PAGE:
So, after six years of being fairly isolated from ‘real life’, I completed the final draft in six weeks. It was not all clear sailing after that. There are always a few glitches to contend with. One of them nearly broke my heart – but I’m over it now. Maybe I’ll write about that one day? Maybe not.
Submitting the work was a huge relief. Waiting for the examiners reports was deadly; like waiting for a bus that never arrives. Eventually the three reports came in. As is usual with my work the reports ranged from ‘excellent, no changes needed’ (I really liked that one) through to, ‘what a terrible thesis’. One of my mentors at Murdoch University defended my thesis to the examiner (who shall be nameless) and after some rewriting it was accepted.
I received notification that I had passed three days before my 60th birthday. I was now a fully fledged ‘Doctor of Philosophy’. Fat lot of good it did me. I never use my honorific – Aussies aren’t too taken with such things plus I’m always wary of being taken for a medical doctor.
One of the joys of being a grandmother is spending time with one or other of my grand daughters – or both of them together.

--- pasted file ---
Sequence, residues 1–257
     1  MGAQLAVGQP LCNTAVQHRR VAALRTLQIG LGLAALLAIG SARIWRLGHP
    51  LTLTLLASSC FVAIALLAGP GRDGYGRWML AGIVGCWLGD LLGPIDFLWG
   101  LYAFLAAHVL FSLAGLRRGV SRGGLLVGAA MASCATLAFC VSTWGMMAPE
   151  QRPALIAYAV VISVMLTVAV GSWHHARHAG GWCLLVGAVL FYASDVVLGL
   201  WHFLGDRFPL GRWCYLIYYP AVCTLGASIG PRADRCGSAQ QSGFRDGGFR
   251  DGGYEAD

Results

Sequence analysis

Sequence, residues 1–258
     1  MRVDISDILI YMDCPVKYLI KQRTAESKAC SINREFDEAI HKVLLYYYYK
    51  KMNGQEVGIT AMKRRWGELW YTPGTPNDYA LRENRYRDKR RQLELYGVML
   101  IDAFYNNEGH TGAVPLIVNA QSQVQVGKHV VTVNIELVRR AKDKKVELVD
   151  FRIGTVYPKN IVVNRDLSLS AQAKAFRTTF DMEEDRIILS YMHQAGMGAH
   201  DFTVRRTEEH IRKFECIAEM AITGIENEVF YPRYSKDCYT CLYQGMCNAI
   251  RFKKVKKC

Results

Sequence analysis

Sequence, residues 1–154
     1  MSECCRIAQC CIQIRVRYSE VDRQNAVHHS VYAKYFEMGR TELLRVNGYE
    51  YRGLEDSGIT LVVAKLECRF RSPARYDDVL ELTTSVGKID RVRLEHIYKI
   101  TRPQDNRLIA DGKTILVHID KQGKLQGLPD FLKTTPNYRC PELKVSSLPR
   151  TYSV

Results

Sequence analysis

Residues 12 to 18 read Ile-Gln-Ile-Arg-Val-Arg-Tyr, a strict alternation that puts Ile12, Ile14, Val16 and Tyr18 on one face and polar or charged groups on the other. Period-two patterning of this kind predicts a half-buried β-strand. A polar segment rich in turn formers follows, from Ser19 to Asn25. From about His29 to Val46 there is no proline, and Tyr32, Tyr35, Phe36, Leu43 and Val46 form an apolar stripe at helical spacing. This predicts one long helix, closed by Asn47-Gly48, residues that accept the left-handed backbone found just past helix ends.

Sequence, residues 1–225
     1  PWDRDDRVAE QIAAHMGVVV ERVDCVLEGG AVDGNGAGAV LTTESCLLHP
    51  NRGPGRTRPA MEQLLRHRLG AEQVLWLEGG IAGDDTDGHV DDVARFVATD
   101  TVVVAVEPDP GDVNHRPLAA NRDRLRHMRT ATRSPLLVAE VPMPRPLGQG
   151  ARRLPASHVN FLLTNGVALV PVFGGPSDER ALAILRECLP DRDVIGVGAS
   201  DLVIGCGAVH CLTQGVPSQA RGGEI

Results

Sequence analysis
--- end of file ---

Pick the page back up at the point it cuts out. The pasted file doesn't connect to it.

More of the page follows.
Yesterday Lily and I went to that temple of consumerism, the magnificent shopping mall, Garden City. So many people, so many glum faces. After stopping for lunch (sushi) we made our way to the Apple Store. On the way we decided to count how many people were smiling. I’d like to say we lost count but that is not what happened. We eventually toted up our score and reached the pathetic sum of fourteen! I guess we walked toward at least a few hundred people but only fourteen had a smile on their dial. We didn’t count the delightful assistant in the Apple Store – she was most taken with Lily’s style – and so was I. Lily is original in her manner and her dress; a non-conformist like her granny! Nevertheless, she always looks lovely and carries off her choice of outfit with panache.
So, when I was younger I often looked at older women and wondered why they were wearing whatever it was they were wearing. Yes, I admit to a fair amount of judgement there. What I have discovered over the years is that they probably didn’t care. And they certainly didn’t care what some impudent young person thought anyway. How do I know? Because that is where I am now. I wear what I like, when I like and don’t really care what anyone else thinks.
I must’ve been hiding somewhere when the skill of ‘dresses tastefully’ was handed out. As an adult I generally took the easy option, wearing black skirt, white shirt and black jacket with maybe a colourful scarf (if I remembered), or the fallback of blue jeans and white tee.